International citizenship

Let me then return to the movements ‘without frontiers’ again. These can only be traced back to the 1970s. There were doubtless many originary moments for these movements without frontiers and the founding of MSF was certainly an important one. I want to briefly focus on a speech Michel Foucault gave at the United Nations headquarters in Geneva in 1981 on ‘confronting government’. It signals something different. Foucault said ‘There exists an international citizenship that has its rights and its duties, and that obliges one to speak out against every abuse of power, whoever its author, whoever its victims.’ Then he added as if it was self-evident: ‘After all, we are all members of the community of the governed, and thereby obliged to show mutual solidarity.’ Calling this ‘international citizenship’ Foucault defines its duty ‘... to always bring the testimony of people’s suffering to the eyes and ears of governments, sufferings for which it’s untrue that they are not responsible. The suffering of men must never be a silent residue of policy.’

MSF working with local volunteers in Haiti following the earthquake in 2010.
Demotix/Boots Levinson. All rights reserved.

Foucault claims that the suffering of other men, or rather witnessing thereof, ‘grounds an absolute right to stand up and speak to those who hold power.’ Insisting that we must refuse a division of labour between those who act (governments) and those who talk (citizens), Foucault emphasizes that ‘Amnesty International, Terre des Hommes, and Médecins du monde are initiatives that have created this new right—that of private individuals to effectively intervene in the sphere of international policy and strategy.’ What does Foucault mean by ‘private individuals’? Obviously, he cannot use ‘citizens’ because that would mean ‘nationals’. The kind of right that he is claiming as new cannot be confined to citizens as nationals. Yet, ‘private individuals’ is a problematic phrase for a statement of solidarity that traverses frontiers. The themes in this short and succinct statement are nonetheless quite significant. The declaration that although we might reside under different jurisdictions we share the same condition of being governed and claim that we have a right to responsibility were ambitious declarations.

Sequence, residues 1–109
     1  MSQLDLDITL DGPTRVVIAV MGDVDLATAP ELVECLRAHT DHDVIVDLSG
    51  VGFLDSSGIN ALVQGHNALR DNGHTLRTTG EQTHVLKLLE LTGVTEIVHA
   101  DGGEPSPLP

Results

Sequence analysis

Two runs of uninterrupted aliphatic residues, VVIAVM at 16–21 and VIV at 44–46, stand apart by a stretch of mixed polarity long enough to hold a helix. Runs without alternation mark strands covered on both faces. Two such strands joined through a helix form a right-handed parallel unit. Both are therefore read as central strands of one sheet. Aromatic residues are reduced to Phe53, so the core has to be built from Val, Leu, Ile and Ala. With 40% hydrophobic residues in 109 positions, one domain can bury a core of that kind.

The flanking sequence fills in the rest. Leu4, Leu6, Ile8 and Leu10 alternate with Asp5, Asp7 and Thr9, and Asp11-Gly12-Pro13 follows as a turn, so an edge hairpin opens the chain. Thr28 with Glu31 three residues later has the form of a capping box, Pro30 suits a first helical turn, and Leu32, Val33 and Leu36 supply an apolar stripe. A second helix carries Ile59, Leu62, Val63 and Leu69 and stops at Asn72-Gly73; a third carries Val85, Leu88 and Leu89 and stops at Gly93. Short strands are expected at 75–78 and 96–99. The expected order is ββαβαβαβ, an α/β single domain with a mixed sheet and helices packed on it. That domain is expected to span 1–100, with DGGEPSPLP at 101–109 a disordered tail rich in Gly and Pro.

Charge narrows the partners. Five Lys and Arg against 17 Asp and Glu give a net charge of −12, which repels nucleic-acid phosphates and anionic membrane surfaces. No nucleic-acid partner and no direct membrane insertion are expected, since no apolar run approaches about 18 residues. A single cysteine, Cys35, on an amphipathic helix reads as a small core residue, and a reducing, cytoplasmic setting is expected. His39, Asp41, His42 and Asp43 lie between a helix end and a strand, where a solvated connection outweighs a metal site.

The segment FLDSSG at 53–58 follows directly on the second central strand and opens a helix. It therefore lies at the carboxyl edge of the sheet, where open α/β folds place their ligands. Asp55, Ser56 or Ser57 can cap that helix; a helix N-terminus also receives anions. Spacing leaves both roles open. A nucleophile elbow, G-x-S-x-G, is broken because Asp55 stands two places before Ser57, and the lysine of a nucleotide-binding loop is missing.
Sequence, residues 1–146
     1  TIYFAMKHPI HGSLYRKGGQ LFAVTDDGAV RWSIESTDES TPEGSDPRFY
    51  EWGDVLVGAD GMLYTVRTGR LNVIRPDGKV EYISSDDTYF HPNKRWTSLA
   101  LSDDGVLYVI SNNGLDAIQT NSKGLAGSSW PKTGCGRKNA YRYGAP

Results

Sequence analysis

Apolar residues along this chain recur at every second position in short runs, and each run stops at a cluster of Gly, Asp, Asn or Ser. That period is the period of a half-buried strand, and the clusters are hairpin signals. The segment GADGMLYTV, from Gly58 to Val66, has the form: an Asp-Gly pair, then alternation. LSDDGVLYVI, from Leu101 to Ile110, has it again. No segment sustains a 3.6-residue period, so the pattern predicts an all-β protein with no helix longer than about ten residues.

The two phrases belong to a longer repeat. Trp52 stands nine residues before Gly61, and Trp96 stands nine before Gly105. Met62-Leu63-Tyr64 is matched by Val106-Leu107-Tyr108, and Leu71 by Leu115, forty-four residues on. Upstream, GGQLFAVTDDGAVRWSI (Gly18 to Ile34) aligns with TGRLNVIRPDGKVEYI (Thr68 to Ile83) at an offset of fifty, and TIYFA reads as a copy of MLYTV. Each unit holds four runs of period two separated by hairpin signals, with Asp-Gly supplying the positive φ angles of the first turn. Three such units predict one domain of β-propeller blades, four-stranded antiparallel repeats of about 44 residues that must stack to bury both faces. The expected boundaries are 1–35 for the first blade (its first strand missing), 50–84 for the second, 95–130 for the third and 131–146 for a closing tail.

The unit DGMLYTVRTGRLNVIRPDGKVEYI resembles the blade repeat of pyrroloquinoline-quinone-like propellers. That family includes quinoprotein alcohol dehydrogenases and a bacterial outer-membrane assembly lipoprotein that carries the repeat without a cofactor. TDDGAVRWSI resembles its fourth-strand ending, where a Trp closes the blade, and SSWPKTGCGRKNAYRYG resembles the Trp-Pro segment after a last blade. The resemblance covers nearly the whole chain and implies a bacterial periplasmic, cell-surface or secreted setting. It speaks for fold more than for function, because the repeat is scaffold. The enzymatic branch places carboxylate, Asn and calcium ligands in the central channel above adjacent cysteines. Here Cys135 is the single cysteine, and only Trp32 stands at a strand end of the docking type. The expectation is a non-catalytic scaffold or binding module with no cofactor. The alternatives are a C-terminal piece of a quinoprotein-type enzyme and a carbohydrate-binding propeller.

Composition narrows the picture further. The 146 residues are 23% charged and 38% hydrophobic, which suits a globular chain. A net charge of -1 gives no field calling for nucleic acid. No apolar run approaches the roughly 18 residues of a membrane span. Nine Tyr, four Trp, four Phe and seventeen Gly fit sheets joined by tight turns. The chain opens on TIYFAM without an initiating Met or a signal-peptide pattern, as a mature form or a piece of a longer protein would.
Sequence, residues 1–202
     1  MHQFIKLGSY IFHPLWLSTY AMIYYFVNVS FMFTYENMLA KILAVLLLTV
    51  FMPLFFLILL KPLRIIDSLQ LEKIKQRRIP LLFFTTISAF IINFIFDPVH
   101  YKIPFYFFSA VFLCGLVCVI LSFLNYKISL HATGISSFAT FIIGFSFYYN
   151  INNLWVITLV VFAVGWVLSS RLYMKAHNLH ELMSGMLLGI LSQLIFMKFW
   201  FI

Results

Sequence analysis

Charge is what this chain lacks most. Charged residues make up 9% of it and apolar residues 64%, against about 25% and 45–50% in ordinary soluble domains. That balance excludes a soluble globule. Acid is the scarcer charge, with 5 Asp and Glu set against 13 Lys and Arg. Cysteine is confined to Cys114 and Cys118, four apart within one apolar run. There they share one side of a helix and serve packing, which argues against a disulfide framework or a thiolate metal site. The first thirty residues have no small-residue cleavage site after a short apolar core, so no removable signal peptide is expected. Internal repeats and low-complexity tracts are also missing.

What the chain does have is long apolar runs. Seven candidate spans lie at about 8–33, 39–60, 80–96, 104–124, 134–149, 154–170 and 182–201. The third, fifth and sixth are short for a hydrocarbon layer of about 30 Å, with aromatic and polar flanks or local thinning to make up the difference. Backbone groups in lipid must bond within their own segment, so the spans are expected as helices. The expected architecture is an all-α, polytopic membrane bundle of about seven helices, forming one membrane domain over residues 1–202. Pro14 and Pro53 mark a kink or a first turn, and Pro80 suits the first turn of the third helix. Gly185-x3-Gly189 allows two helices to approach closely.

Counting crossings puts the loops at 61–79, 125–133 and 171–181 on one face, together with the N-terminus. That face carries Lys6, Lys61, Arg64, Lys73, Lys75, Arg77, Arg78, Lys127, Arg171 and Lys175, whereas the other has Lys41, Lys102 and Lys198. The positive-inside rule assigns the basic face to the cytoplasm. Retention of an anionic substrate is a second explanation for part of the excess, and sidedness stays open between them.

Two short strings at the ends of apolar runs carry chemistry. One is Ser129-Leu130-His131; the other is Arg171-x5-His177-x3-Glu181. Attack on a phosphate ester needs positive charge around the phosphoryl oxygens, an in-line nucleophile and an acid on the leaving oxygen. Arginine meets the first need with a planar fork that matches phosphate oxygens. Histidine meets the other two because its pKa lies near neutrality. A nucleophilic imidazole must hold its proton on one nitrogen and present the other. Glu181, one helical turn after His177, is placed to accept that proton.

Those were the 1980s. It appears that Foucault was basically concerned with ‘international citizenship as witnessing’: the suffering of the other and the responsibility to act against it. Or perhaps he was expressing the answerability of citizenship as grounds for an absolute right. Both are plausible interpretations. But I want to contrast this with an episode in 1979 when Foucault briefly worked as a ‘reporter without frontiers’ in Iran. A couple of years before his speech that I just quoted, in a dialogue with an Iranian writer, Baqir Parham, Foucault was discussing why he was visiting Iran. He insisted that he was not visiting as a ‘universal intellectual’ but as a ‘specific intellectual’ to use his skills in solidarity with those who were revolting against an oppressive regime.

He did not make this claim lightly as he had thought about it seriously. Arguing that ‘engineers, lawyers, doctors, healthcare workers and social workers, researchers in the humanities, all form a social layer in our society whose numbers, as well as whose economic and political significance, are constantly increasing,’ he concluded that ‘the role of the intellectual is perhaps not so much, or maybe not only, to stand for the universal values of humanity. Rather, his or her responsibility is to work on specific objective fields, the very fields in which knowledge and sciences are involved, and to analyze and critique the role of knowledge and technique in these areas in our present-day society.’ Let me note that here his focus is not ‘private individuals’ but ‘specific intellectuals’ acting with professional capacities. Yet, there is a paradox here. Two years later Foucault would use ‘private individual’ as the subject of this kind of politics traversing frontiers instead of ‘intellectual’ or, more accurately, ‘professional.’

In my view, this is not a contradiction or confusion in Foucault, but simply points to the absence of a vocabulary with which to think about the new kind of politics that ‘without frontiers’ movements signify.